Early Childhood

Kenley: Costs may scuttle most of Pence's 2014 education agenda

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Gov. Mike Pence and Sen. Luke Kenley

Luke Kenley, the powerful chairman of the Indiana Senate’s appropriations committee, said Wednesday he doubts potentially costly proposals from Gov. Mike Pence to offer preschool tuition vouchers to low income families, boost charter schools or aid teacher innovation can be enacted before 2015.

“I don’t see us doing anything in 2014 on these issues,” Kenley, R-Indianapolis, said in an interview. “If you want to have a fair sense of fiscal discipline and evaluate any program, it has to be done in the context of the rest of the budget.”

Kenley said all education priorities — not just Pence’s proposals but also annual costs like aid to school districts — should be weighed against each other at the same time and compared to the available revenue. Then choices could be made about what matters most when everything could be judged equally.

The time for that is the next budget year, 2015, unless Pence wants to also propose a way to fund his education plans, Kenley said.

“We can’t start down the path of funding special projects unless someone wants to come up with a tax or a special revenue source,” he said.

At a speech in Corydon Tuesday, Pence called for preschool vouchers for 40,000 low income children, a salary stipend for teachers who change jobs to work in troubled schools, grants for teacher innovation and state-paid reimbursement to teachers for classroom supplies.

Pence does not want to wait, especially on prekindergarten programs, according to a spokeswoman.

“Governor Pence and his staff are continuing the important conversation that started in the last legislative session regarding the design of a pre-K strategy that will serve the most vulnerable Hoosier students, and we want to get those programs started as soon as possible,” Pence spokeswoman Kara Brooks said.  “Authorizing pre-K in the coming session will allow enough lead time for programs to be in place for the 2015-2016 school year.”

In Tuesday’s speech, Pence also endorsed an expansion of drop out recovery charter schools, a controversial issue that Kenley spearheaded an effort to address earlier this year. Charter schools for dropouts, often adults, run by Goodwill Industries and Christel House Academies have earned accolades for helping students finish school and get jobs but plans for a big expansion of the schools around the state worried lawmakers.

As an interim solution, Kenley and other lawmakers engineered a set aside of cash for the existing schools but also capped their growth until there was further study of how to pay for them.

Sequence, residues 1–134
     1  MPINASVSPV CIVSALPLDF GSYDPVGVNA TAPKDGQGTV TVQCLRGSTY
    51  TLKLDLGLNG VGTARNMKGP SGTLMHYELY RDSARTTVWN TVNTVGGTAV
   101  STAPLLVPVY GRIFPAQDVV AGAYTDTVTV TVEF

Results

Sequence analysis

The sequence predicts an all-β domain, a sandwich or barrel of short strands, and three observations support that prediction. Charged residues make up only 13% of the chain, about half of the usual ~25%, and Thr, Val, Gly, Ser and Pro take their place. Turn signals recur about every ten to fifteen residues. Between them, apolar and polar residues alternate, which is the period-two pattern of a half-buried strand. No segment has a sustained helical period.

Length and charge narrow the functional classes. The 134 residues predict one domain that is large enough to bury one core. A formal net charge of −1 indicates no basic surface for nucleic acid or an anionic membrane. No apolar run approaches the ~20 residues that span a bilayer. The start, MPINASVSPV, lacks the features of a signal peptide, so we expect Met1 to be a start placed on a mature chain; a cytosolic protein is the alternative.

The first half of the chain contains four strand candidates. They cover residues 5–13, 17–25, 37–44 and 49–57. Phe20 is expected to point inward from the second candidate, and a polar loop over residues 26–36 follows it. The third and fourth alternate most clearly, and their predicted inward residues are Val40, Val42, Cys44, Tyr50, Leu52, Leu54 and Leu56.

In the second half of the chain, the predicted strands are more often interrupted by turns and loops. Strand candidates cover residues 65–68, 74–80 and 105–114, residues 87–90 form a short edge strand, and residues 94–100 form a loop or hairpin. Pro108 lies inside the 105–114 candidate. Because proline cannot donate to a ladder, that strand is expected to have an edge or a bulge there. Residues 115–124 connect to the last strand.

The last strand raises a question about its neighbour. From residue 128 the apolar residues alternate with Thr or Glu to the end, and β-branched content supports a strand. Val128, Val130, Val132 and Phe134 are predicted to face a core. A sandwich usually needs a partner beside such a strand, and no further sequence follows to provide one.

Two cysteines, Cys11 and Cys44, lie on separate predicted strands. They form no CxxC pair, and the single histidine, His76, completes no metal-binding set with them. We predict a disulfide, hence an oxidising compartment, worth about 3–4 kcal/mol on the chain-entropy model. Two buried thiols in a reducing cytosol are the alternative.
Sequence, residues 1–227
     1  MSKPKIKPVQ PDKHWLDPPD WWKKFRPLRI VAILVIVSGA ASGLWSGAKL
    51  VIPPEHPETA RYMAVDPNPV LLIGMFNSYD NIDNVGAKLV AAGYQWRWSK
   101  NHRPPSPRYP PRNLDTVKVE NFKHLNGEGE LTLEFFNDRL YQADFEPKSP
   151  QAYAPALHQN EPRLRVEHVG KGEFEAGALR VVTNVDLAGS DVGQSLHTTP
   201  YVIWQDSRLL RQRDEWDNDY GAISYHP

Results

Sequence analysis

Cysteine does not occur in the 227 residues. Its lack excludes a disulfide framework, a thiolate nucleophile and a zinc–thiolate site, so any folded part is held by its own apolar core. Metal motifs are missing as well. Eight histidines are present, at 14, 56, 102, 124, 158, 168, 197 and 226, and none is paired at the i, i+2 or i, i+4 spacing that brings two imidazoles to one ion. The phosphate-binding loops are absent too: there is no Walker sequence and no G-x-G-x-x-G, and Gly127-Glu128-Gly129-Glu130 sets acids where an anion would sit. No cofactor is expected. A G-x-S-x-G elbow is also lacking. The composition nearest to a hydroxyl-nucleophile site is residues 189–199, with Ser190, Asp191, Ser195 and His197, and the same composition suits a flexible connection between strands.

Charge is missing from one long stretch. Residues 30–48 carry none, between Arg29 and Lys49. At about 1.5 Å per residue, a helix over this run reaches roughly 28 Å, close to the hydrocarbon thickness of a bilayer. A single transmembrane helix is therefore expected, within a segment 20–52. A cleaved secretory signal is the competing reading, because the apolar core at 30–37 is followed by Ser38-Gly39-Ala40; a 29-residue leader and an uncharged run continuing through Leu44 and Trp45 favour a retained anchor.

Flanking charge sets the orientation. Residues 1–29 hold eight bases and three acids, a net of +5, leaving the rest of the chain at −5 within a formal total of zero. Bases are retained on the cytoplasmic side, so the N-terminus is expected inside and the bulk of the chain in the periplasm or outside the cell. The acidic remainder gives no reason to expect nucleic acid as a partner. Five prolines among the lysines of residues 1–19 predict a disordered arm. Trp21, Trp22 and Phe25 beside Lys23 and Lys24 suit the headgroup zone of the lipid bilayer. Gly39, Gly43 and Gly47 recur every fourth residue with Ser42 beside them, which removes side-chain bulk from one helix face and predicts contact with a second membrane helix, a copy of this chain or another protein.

With an expansion of dropout recovery schools added to his other education proposals, potential new costs to the state for Pence’s total education agenda could easily exceed $100 million if his ideas were all enacted. Because Indiana’s biennial budget is forged by the legislature in odd-numbered years, new programs created in even-year “short” sessions may have to wait a year for implementation until funding is allocated in the next budget.

The Senate has been a stumbling block over the fiscal impact of education bills in the past, notably earlier this year when a preschool pilot program, backed by the House, was redesigned and scaled down. Indiana’s most recent tax collections also came in under projections, prompting Pence to order the state plane sold and instituting cuts in higher education and raising questions about the viability of new spending programs.

Pence acknowledged Tuesday that his education agenda was a starting point for talks with the legislature, but emphasized the state was fiscally strong overall and he believed creative solutions could be found to put programs in place in 2014. He also told reporters afterwards he had personally briefed Kenley on his education plans.

Kenley said when he and the governor spoke, they agreed more often about education than not.

“We had a good conversation,” he said. “I agreed with him these are all worthwhile things to take a look at. I think he’s trying to think real hard about what the next steps are in education.”



Memphis candidate no longer in running to lead Achievement School District

The only Memphis applicant to lead Tennessee’s school turnaround district is no longer under consideration.

Keith Sanders told Chalkbeat Thursday that Education Commissioner Candice McQueen called him with the news that he would not advance in the application process to become superintendent of the Achievement School District. Sanders is a Memphis-based education consultant and former Memphis school principal who most recently was chief officer of school turnaround at the Delaware Department of Education.

The state later confirmed that Sanders will not advance, citing concerns from the search firm hired to find the next leader of the turnaround district.

In a March 21 letter to McQueen, the search firm highlighted Sanders’ time as a charter school leader in New Orleans as a reason he should not advance. Sanders co-founded Miller-McCoy Academy, an all-boys public school that closed in 2014. The school was academically low-performing, and Sanders and his co-founder left the school before it shuttered amidst allegations of financial mismanagement and cheating, according to the letter.

“Given the visibility of the ASD role, I think there are too many questions about his time at Miller-McCoy for him to be credible,” wrote Mollie Mitchell, president of The K-12 Search Group, in the letter.